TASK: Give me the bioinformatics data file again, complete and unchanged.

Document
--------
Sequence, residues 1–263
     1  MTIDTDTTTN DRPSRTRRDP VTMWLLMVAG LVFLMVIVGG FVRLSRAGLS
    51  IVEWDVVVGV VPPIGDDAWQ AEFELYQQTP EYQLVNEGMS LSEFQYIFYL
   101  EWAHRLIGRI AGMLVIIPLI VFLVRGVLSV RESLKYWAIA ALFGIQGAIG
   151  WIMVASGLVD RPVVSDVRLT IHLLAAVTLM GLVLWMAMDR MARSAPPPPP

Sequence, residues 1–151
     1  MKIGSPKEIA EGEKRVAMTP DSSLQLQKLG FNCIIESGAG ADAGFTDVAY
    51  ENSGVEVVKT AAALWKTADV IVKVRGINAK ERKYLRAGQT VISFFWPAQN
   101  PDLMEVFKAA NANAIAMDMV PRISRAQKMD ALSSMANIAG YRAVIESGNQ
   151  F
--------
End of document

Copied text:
Sequence, residues 1–263
     1  MTIDTDTTTN DRPSRTRRDP VTMWLLMVAG LVFLMVIVGG FVRLSRAGLS
    51  IVEWDVVVGV VPPIGDDAWQ AEFELYQQTP EYQLVNEGMS LSEFQYIFYL
   101  EWAHRLIGRI AGMLVIIPLI VFLVRGVLSV RESLKYWAIA ALFGIQGAIG
   151  WIMVASGLVD RPVVSDVRLT IHLLAAVTLM GLVLWMAMDR MARSAPPPPP

Sequence, residues 1–151
     1  MKIGSPKEIA EGEKRVAMTP DSSLQLQKLG FNCIIESGAG ADAGFTDVAY
    51  ENSGVEVVKT AAALWKTADV IVKVRGINAK ERKYLRAGQT VISFFWPAQN
   101  PDLMEVFKAA NANAIAMDMV PRISRAQKMD ALSSMANIAG YRAVIESGNQ
   151  F